Scholarship Myths That Lead to Student Loans

Paying for college is getting very challenging over time.Today, I am going to bust some of Scholarship myths so that you can focus on finding debt-free money, including scholarships.

Scholarship System


Paying for college is only getting more and more challenging over time. With tuition and costs increasing at a rate much higher than inflation, it’s nearly impossible for families to be able to afford it on their own — especially with multiple students. This leads to students borrowing huge amounts of money and signing up for the student “debt sentence.”

But what if I told you there is an alternative? What if I said that it was scholarships? For many families, they already have their arguments ready to go when I say this because they have heard the many myths that all of us have heard on why it’s impossible to actually secure scholarships.

Today, I am going to bust some of those myths so that you can focus on finding debt-free money, including scholarships.

Myth 1. You have to cure cancer in order to win a scholarship.

Many students and parents believe that if they didn’t cure cancer, there is no way they could compete for a scholarship. First, no one has cured cancer yet and there are billions of dollars given away each year. Secondly, I promise you that I didn’t cure cancer, but I still managed to get a free ride. That is because, while the competition is getting tougher and tougher each year, scholarship committees are still realistic (and very much amazed) at what a typical student accomplishes. Believing this myth will only hold you back from potential tens of thousands of dollars in debt-free money.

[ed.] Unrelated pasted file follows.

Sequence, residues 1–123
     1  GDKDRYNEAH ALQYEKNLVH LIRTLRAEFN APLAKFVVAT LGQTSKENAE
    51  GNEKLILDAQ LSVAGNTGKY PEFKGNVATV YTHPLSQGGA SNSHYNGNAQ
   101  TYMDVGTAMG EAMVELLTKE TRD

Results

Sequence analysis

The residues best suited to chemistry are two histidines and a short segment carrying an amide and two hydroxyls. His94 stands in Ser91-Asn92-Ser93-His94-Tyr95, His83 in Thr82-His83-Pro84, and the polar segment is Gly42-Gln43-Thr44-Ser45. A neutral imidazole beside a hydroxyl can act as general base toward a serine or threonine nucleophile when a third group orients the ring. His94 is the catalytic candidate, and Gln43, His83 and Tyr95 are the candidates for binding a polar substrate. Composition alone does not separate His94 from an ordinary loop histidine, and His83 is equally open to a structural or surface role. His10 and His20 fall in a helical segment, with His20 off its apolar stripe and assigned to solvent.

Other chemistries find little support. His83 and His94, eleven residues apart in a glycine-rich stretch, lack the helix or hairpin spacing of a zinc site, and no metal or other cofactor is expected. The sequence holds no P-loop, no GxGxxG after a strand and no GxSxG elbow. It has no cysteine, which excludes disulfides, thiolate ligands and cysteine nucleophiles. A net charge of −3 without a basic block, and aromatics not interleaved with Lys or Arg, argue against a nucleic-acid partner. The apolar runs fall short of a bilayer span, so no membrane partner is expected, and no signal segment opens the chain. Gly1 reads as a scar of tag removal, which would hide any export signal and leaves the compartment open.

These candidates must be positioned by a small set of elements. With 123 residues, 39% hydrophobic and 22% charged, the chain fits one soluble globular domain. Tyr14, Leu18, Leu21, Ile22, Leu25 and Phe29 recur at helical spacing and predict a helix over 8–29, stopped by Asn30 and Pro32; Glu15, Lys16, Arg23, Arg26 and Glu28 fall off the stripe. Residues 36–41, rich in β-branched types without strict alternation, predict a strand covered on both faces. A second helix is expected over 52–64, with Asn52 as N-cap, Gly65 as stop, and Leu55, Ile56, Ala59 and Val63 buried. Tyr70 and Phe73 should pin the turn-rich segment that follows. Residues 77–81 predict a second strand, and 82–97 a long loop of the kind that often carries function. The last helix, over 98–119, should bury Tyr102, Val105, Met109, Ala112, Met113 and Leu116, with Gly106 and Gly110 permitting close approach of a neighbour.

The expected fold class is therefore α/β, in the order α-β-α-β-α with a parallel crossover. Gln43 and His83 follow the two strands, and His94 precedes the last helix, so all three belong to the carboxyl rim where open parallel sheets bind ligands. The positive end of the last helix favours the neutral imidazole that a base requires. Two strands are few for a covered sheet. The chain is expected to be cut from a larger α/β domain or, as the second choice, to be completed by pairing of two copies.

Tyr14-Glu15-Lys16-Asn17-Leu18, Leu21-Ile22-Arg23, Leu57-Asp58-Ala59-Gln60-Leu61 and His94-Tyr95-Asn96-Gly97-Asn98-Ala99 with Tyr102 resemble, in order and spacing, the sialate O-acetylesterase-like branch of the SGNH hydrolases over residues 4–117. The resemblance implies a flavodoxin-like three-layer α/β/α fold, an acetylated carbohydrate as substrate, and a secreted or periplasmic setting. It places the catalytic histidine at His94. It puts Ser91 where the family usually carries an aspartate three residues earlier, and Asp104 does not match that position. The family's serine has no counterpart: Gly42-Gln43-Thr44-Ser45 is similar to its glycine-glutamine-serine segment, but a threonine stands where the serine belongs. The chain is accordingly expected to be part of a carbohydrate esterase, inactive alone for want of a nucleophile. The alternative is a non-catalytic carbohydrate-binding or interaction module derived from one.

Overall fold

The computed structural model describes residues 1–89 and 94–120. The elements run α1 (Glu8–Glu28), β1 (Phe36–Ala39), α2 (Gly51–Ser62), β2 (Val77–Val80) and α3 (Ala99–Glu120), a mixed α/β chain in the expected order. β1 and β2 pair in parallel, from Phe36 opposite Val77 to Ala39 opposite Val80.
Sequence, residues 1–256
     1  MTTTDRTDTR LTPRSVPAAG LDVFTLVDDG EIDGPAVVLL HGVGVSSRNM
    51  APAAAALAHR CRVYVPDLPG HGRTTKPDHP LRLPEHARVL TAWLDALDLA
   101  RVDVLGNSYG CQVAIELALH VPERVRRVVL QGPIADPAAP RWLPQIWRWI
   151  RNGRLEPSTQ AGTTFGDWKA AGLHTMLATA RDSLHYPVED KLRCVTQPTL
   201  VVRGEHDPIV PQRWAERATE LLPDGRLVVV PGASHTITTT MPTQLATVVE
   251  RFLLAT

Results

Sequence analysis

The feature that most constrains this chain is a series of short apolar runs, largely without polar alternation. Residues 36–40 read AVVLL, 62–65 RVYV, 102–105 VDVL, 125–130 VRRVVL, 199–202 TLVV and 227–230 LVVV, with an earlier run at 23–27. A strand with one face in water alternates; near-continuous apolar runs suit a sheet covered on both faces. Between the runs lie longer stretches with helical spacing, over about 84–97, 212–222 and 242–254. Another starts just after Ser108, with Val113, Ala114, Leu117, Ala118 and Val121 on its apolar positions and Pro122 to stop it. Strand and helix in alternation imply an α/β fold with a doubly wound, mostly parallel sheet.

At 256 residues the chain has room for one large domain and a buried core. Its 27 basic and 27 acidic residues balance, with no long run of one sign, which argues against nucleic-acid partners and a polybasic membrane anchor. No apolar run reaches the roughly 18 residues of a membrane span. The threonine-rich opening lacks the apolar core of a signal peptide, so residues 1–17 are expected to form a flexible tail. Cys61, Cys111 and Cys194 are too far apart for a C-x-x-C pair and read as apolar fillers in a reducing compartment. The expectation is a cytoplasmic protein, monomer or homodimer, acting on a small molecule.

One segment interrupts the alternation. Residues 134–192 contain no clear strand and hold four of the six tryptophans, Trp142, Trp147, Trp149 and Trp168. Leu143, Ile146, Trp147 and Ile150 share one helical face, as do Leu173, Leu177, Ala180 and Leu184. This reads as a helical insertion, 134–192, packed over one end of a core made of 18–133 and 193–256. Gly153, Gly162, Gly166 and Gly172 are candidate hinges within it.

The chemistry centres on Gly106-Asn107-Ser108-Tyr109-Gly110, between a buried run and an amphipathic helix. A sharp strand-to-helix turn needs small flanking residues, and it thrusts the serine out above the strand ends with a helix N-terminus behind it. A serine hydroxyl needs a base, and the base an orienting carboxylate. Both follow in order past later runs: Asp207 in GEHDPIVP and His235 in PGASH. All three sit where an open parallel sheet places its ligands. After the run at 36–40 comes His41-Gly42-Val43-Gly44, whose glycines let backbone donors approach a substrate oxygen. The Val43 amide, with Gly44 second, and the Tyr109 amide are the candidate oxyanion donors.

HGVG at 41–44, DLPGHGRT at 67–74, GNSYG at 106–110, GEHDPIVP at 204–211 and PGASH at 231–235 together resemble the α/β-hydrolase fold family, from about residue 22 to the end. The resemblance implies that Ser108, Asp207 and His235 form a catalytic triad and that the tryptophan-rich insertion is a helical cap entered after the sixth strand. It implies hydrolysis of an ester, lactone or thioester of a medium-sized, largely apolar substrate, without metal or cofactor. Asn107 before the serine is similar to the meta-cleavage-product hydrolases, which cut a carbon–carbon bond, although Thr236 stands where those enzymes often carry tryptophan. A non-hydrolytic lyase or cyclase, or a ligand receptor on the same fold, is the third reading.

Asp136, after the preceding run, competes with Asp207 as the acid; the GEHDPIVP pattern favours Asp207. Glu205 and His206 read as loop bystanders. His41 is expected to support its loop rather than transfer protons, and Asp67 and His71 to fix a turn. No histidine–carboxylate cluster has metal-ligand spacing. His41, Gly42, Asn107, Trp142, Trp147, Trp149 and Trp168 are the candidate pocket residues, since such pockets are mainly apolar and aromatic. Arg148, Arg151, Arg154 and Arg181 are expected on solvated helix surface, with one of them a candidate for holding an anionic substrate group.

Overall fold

How can you overcome this myth? Learn how to sell what you have accomplished! Cut yourself some slack — I am sure you have done something selfless, impactful, genuine, caring, courageous, thought-provoking, and/or any other buzz word you could think of. It’s just a matter of being able to sell it in an essay. Does this take time? Yes. But once you get it down, it’s a piece of delicious, fruitful (and I don’t mean the food) cake.

Myth 2. Each scholarship requires a new essay.

Building off my latest point of ‘once you get it down, it’s a piece of delicious, fruit cake’, what I mean is that once you learn how to sell your accomplishments and build up your pocket full of solid essays, you can reuse them. They will require some tweaking here and there but I had a few great essays that I used over and over for at least 2–3 years. Yes, you can do that!

Myth 3. You don’t need someone else to proofread your essay.

Writing essays isn’t always easy. Proofreading them can be even harder — especially if you’ve been staring at it for a few hours. It’s easy to overlook mistakes, typos, missing words, etc. when you can pretty much recite it from memory at this point. The only way around this is to have someone else take a look. It doesn’t have to be a professor or teacher (see my next point), but it should be someone who has experience in writing and that you trust. I was fortunate enough to have an excellent teacher that helped me even after I graduated high school (yes, you don’t stop applying in high school which I cover more on in the free online workshop) but just make sure you have at least one other person take a look.

Also, if you tweak an essay that has already been reviewed, this still applies! Actually, tweaking essays is the easiest way to create errors because while you may think it is one small change, it could misalign many different pieces of your essay.

Myth 4. All teachers and professors are created equal.

Last but not least, be careful who you have proofread your essay. While you may assume any teacher or professor can help, that unfortunately isn’t always true. Try to find someone who has proofread scholarship essays before (and seen successes). A great way to go about this is to simply ask the teacher or professor if they’ve ever proofread a scholarship essay as a general question. You don’t have to say that you are applying, just scope out the situation. If they say no, you can kindly move on or ask them to take a look as a secondary resource. You should still try to find someone with experience in the area first.